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The Competitiveness Challenge of European Manufacturers: The Case of Michelin

The Competitiveness Challenge of European Manufacturers: The Case of Michelin

Michelin has done it all. It was the innovator of the radial tire, which the world is still driving on today; Michelin’s tires are very frequently voted the best tires by authoritative consumer surveys around the world; its Bidendum man brings smiles to young and old and is one of the best known brands around the world; Michelin was the single supplier of tires to the Space Shuttle during the entire life of the space program; and Chefs in restaurants around the world aspire to get a star from the same Michelin company. Michelin has set the standard for several decades.

Yet, in spite of its many accomplishments, Michelin faces a major competitiveness challenge. For most of the nineties, Michelin towered above the industry. In the past decade, it had to relinquish the global leadership position to Bridgestone.  It has been losing market share in Europe in both passenger and commercial vehicle tires, and after more than a decade of targeting the Chinese market, it has only a minor position in both passenger and commercial vehicle tires. Michelin’s financial performance is merely in line with the industry while its much-vaunted R&D prowess seems to be wanting. CEO M. Rollier in fact halted one of Michelin’s much touted R&D accomplishments, its PAX run flat tire, after more than twenty years of R&D and marketing effort, for lack of market success.

Part of Michelin’s competitiveness challenge reflects its strategic choice. The copy-paste strategy of its European and US strategy to China of targeting the aftermarket with premium branded tires and the commercial vehicle market with premium retreadable tires is not getting much grip. The Chinese market is different: the vast majority of tire buyers believe that most tires are very much alike and do not want to pay a premium. Most commercial vehicle owners do not have large fleets and are swayed by the price tag of the tire, not the total cost-in-use of the retreadable premium tire that Michelin pushes. Neither do the Chinese car manufacturers appear to be in a rush to roll out the red carpet for Michelin; they have a fragmented, competitive supplier base for tires, and will very likely do everything possible to keep it that way. Most likely, Michelin will have to adapt its strategy to the realities of the Chinese market, which by 2013 may become the 2nd largest tire market after Europe, and by the end of the century the largest market in the world.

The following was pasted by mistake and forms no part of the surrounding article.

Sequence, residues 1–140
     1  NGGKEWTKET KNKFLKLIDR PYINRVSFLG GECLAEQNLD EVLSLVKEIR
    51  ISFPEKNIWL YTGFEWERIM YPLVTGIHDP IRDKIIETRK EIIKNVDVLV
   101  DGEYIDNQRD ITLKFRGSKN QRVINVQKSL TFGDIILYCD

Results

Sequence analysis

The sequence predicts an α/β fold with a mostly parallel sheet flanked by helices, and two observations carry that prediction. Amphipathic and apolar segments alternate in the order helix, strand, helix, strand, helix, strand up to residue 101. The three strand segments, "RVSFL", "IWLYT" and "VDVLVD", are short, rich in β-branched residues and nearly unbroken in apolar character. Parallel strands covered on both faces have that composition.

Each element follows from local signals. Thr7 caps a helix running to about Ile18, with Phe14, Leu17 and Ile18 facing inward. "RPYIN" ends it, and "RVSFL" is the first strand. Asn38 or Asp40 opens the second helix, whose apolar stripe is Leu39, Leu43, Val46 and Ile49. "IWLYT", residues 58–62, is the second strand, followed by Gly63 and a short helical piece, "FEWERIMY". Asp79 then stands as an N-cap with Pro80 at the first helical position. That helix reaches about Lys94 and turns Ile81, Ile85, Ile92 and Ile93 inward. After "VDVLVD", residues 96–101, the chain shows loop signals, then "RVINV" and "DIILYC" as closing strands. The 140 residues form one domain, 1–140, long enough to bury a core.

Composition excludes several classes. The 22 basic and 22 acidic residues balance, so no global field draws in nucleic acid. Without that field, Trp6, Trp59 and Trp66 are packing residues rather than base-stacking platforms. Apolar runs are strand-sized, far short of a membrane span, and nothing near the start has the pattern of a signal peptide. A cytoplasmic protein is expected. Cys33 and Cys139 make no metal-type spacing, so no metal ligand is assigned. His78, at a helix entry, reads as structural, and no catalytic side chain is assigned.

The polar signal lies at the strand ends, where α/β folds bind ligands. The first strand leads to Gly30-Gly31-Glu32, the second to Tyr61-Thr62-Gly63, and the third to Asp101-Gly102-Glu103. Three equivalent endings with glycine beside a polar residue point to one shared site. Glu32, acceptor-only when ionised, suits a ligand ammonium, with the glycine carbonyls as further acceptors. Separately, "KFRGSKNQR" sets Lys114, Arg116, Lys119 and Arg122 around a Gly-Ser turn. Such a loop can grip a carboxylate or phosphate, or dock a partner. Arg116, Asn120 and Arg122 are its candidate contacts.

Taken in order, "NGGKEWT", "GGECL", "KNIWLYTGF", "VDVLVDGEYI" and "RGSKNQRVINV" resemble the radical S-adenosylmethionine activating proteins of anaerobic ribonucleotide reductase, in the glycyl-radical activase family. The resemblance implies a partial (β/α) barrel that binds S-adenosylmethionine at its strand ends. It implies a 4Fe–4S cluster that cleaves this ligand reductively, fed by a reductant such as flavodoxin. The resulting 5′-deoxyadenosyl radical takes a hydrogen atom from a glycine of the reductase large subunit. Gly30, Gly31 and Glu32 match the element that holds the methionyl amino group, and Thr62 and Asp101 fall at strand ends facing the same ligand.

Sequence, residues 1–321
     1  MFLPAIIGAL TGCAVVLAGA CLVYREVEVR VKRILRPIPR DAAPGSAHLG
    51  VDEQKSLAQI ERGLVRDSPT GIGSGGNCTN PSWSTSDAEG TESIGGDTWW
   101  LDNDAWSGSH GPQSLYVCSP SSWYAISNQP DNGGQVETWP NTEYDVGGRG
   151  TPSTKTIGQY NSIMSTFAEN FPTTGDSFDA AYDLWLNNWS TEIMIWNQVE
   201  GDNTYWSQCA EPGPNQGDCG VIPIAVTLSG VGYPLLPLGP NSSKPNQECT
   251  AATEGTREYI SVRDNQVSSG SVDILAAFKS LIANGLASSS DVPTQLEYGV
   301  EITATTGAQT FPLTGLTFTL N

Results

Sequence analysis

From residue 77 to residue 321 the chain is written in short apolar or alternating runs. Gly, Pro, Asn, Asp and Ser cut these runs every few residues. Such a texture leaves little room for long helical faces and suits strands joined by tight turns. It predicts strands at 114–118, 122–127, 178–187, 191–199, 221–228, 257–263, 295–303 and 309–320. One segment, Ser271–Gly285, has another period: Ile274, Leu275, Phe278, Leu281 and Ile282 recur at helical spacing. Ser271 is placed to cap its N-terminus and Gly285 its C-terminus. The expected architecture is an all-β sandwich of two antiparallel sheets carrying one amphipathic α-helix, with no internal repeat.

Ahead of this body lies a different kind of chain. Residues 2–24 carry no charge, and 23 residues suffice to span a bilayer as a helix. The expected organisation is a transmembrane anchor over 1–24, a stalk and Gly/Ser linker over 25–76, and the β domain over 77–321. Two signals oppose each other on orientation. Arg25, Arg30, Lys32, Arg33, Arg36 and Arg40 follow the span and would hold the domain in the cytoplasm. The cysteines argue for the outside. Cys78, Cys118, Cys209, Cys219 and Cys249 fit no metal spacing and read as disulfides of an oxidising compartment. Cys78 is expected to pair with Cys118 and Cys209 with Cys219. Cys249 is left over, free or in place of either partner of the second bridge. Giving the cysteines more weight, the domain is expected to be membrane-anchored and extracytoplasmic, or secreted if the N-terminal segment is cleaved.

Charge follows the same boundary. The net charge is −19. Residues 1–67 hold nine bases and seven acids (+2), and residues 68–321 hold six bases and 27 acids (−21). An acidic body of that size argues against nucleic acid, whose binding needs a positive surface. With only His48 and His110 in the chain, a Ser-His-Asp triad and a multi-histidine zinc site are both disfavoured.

However, part of Michelin’s competitiveness challenge is structural and influenced by its European heritage. As it started its expansion from Europe, it built plants around Europe and exported.  This left Michelin with too many plants and too many people in too many countries in Europe: By 2010, Michelin and Bridgestone had roughly the same market share, yet Michelin had 53 plants while Bridgestone had 42 plants. Moreover, by 2010, only about 40% of the labor of Michelin was located outside Europe while about 60% of its sales originated outside Europe, and growing.